back to article Sketchy behavior? Wacom tablet drivers phone home with names, times of every app opened on your computer

FYI: Wacom's official tablet drivers leak to the manufacturer the names of every application opened, and when, on the computers they are connected to. Software engineer Robert Heaton made this discovery after noticing his drawing board's fine-print included a privacy policy that gave Wacom permission to, effectively, snoop on …

  1. cornetman Silver badge

    "I get that Wacom almost certainly just want the data for product development purposes and aren't doing anything overtly evil with it, but that doesn't make it OK for them to grab it."

    Well I don't. That behaviour should be downright criminal.

    1. SundogUK Silver badge

      If they want that information they can bloody well ask for it up front.

      1. iron Silver badge

        They did ask for it up front, they detailed it in their privacy policy.

        1. Bronek Kozicki Silver badge

          Yup, I am pretty sure that they do ask for it and you can use Wacom drivers etc without ever giving this permission. I do use Wacom tablets for ergonomic reasons since 2007 (or so) and I noticed few years a new "Login" button in the "Wacom Desktop Centre", which I just ignore.

          1. Bronek Kozicki Silver badge
            Flame

            Oh, FFS now it is looking like I'm defending this stupidity. I'm not, I am just saying that it appears to me (as someone using Wacom for over decade) that this invigilation is something you need to actively sign up to. Which of course no sane person would do, right?!

            It would be great if the article expanded on this point because it is rather unclear. If that happens irrespective of this sign up (which is strictly optional) then yes, outrage is warranted and GDPR should fine them accordingly. Otherwise ... it is just plain stupid.

            1. Cuddles Silver badge

              "this invigilation is something you need to actively sign up to"

              That does not appear to be the case - as the article notes, it's enabled by default and will work unless you specifically disable it. The account log-in you're looking at is a separate thing that gives access to cloudy stuff and so on, it has nothing to do with whether they're tracking you or not.

        2. GnuTzu Silver badge
          Joke

          "...they detailed it in their privacy policy."

          Ya know, if this was really the way everything was supposed to work, then you'd see this sign at the entrance of every store: "By entering this store, you agree to the terms of service and privacy policy of this store. A copy of these policies can be obtained at the service desk within."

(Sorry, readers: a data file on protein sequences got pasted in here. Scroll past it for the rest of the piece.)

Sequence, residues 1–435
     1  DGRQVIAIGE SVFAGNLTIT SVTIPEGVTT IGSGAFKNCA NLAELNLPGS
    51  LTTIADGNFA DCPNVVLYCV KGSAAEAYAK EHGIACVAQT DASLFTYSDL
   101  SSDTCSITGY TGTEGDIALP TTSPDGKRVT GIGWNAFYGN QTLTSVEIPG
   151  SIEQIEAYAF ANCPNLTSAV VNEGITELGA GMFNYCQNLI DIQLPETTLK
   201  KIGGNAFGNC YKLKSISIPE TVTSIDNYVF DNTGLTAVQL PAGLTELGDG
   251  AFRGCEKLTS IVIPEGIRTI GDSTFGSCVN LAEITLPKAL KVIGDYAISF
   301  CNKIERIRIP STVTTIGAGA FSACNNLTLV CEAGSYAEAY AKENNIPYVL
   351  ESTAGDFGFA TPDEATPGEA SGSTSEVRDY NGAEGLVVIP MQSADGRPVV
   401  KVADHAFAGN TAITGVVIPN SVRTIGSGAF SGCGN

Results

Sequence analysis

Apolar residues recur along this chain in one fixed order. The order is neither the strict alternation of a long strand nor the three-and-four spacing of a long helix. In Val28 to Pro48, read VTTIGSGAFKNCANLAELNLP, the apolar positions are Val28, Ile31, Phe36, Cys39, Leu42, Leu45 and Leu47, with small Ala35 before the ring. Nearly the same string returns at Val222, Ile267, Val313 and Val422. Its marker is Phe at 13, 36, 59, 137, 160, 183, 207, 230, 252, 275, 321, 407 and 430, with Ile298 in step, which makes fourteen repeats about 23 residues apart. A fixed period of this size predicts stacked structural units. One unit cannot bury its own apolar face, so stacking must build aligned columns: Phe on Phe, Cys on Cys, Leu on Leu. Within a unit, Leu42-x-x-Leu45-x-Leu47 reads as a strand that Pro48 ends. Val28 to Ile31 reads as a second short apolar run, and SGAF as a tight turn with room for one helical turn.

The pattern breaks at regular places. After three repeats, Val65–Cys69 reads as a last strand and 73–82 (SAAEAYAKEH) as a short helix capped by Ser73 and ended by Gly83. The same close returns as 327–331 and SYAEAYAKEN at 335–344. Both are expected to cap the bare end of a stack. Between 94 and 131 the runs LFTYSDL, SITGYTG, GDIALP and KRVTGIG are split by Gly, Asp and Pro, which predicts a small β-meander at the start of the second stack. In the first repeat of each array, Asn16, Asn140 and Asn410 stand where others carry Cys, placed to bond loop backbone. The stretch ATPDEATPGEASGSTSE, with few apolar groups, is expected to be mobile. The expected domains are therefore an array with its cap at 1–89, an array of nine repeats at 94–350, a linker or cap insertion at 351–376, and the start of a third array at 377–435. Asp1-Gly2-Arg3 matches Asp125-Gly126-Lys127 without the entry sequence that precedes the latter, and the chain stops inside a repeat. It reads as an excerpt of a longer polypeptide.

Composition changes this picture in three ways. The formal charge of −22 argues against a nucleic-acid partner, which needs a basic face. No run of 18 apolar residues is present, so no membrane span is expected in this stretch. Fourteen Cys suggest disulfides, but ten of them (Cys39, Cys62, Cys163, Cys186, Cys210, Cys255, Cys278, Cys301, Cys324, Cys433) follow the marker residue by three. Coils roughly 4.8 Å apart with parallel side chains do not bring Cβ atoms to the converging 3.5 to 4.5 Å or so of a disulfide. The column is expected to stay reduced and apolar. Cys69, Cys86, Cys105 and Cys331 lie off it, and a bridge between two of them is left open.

And, of course, products would also come boxed with this statement contained within: "By opening this box, you agree..." etc.

          We're being sucked in to forfeiting our rights with hidden legalese. This can't go on like this forever.

      2. Anonymous Coward
        Anonymous Coward

        If they want that information they can bloody well ask for it up front.

        Asking upfront is NOT the policy these days. And it works :(

    2. EVP Bronze badge

      But it’s for your own good. Providing the best possible Customer Experience and stuff. No hidden agenda, honestly.

      Next on Wacom customer relations channel: ”We take our customer’s privacy and blah-blah-blah...” You know the rest.

      Welcome to my blacklist, Wacom.

  2. Terry 6 Silver badge

    Yes.

    This is my information about what I do with my device,

    Sneakily letting themselves sign me up to giving them my data is just as much data theft as hacking into my PC.

  3. robert_swift

    utter arseholes!

    this behaviour is why Little Snitch is a must for me… it is staggering how many apps connect to google and a plethora if other tracking services…

  4. IGotOut

    Another one...

    for GDPR. If you own one (I have one of the cheaper but equally as good clones) please raise a complaint.

    Only big fines will stop the bastards doing this.

    1. Anonymous Coward
      Anonymous Coward

      Re: Another one...

      Watch GDPR come apart after the end of the transition period.

      I doubt any outstanding complaints will be handled seriously by the ICO.

      If they ever were . . . .

      1. Len

        Re: Another one...